• Australian Open

Serena avenges heaviest defeat as sister Venus rumbles

ESPN staff
January 26, 2015
Serena Williams was stretched by Garbine Muguruza

World No.1 Serena Williams avenged her heaviest grand slam defeat with a 2-6 6-3 6-2 comeback win over Garbine Muguruza on Monday to reach the Australian Open quarter-finals.

She will be joined there by her older sister, as Venus Williams continued her resurgence with a 6-3 2-6 6-1 win over sixth-seed Agnieszka Radwanska to reach the last eight of a slam for the first time since the 2010 US Open.

It is the first time the siblings have both reached the last eight at a major since Wimbledon that year.

Serena was pushed all the way by 24th-seed Muguruza, who matched her in the heavy-hitting rallies, and who had conceded only four games to her in a second-round upset last year at the French Open.

The five-time Australian Open winner next faces Dominika Cibulkova, who reproduced the kind of tennis that helped her reach the final here last year as she beat two-time champion Victoria Azarenka 6-2 3-6 6-3.

Serena Williams was made to work for her quarter-final spot by Garbine Muguruza © Getty Images
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Serena appeared to be laboring at times, and had a serious cough. She struggled with her serve in the first set, winning only one of a dozen points on her second serve as the 21-year-old Spaniard went on the attack. She couldn't convert her six break-point chances, while Muguruza broke her twice.

"She hits the ball really, really big, really, really hard," Serena said. "Someone in the crowd was like 'C'mon Serena use spin' and I was like 'OK'. There's coaches everywhere out here! Thank you."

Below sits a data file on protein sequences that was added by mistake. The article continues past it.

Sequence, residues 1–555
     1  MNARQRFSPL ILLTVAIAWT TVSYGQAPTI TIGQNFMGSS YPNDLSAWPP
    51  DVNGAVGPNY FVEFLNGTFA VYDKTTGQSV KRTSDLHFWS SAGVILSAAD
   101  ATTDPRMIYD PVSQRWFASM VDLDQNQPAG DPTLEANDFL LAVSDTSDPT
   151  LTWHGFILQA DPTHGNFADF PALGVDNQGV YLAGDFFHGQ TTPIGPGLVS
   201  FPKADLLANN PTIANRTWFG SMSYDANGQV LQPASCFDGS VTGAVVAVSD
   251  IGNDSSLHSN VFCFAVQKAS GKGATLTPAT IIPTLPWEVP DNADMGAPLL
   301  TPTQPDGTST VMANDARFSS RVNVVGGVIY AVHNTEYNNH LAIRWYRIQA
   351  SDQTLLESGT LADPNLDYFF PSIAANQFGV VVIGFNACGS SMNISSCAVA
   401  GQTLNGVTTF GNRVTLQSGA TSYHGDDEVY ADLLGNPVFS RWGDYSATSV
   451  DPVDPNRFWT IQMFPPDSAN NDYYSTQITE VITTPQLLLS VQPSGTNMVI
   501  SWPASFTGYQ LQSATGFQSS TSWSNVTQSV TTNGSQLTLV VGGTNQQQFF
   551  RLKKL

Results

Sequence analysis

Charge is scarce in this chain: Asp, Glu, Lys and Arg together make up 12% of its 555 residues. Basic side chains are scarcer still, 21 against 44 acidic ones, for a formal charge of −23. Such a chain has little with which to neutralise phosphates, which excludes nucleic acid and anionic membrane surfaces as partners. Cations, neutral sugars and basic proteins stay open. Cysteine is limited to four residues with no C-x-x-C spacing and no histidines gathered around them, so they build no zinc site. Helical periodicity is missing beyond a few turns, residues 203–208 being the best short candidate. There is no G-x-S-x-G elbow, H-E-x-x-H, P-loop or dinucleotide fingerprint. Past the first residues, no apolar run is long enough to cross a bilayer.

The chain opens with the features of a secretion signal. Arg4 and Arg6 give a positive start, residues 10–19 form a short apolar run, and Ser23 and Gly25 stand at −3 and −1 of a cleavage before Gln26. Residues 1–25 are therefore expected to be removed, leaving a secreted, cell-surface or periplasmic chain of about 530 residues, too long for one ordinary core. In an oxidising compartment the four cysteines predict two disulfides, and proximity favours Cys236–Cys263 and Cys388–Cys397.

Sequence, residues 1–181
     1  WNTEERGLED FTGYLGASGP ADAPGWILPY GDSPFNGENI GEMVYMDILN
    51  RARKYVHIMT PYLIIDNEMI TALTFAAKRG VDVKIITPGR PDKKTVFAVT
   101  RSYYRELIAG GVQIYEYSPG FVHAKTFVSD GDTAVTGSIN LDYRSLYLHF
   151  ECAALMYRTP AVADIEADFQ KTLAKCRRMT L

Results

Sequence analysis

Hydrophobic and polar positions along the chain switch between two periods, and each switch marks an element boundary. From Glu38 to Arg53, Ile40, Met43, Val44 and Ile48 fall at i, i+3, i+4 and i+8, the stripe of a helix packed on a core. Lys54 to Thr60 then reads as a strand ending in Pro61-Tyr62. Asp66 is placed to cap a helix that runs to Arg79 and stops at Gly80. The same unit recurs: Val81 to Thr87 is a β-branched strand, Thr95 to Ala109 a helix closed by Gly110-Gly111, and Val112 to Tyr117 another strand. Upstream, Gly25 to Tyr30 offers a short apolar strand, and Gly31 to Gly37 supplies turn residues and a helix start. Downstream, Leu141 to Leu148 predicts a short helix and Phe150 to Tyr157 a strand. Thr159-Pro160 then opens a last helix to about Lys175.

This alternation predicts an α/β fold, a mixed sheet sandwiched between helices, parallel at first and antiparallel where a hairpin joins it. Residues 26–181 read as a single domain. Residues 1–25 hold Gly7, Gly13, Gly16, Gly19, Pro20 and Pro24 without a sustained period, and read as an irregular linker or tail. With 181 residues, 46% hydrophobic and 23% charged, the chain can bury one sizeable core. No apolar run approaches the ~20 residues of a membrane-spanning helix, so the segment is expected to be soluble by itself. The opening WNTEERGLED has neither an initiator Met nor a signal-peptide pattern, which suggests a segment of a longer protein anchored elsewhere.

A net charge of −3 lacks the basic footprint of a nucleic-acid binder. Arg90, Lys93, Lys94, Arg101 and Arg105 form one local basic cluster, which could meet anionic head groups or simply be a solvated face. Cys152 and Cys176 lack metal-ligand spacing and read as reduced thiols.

She hasn't advanced past the quarter-finals at Melbourne Park since winning her last title here in 2010.

There was a lot to distract her. In the first set, six planes were doing coordinated loops and tricks in the sky over Rod Laver Arena, as part of the Australia Day celebrations in downtown Melbourne. She had difficulty breathing at times, and had a heaving coughing fit into a towel at a changeover.

"I've been a little sick the past couple days but I just love it here," Williams said, when asked if she had swallowed a fly. "When I got down, I was thinking, `'What can I do now?' Whatever happens, I thought, I've won this five times."

She gradually picked up power in the second set, broke for a 5-3 lead and then fired three aces and a service winner to level the match at 1-1, screaming as she pumped her fist.

After missing break points on Muguruza's serve in the opening game of the third, Williams saved six break points and needed almost 13 minutes to hold.

Her confidence up, Williams broke for a 3-2 lead and dominated the rest of the match.

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Venus, affected by an energy-sapping illness, hadn't advanced past the third round of any grand slam tournament since Wimbledon in 2011. Now a quarter-final win could put the seven-time major winner into a potential semi-final against her younger sister.

After she recovered an early break in the third, Venus Williams dominated the rest of the match and clinched it with an ace to set up a match against fellow American Madison Keys.

Her inspiration? "Definitely my sister Serena, she's just the ultimate champion," Venus said. "And definitely a lot of inspiration from all my fans who have stayed behind me through thick and thin."

The No.10-ranked Cibulkova pounded 44 winners and broke former world No.1 Azarenka's serve seven times to reach a grand slam quarter-final for the sixth time. She lost the final here last year to the now-retired Li Na, and is back in that kind of form.

"I just walked onto the court and all great memories came to my mind," she said, reflecting on how her run last year is inspiring her at the Australian Open, "I thought 'I'm a great player and I can do it."

"As you can see, I'm not the tallest player on tour, I need to have something extra if I want to beat these top players," she said of her heavy ground strokes. "This is my energy on the court, this is how I play."

Keys advanced to her first grand slam quarter-final with a 6-2 6-4 win over good friend Madison Brengle. It was the first time since Jennifer Capriati played Amy Frazier at the 2002 US Open that two Americans besides the Williams sisters played each other this late in a grand slam.

Venus Williams' win means Aga Radwanska's wait for a grand slam title goes on © Getty Images
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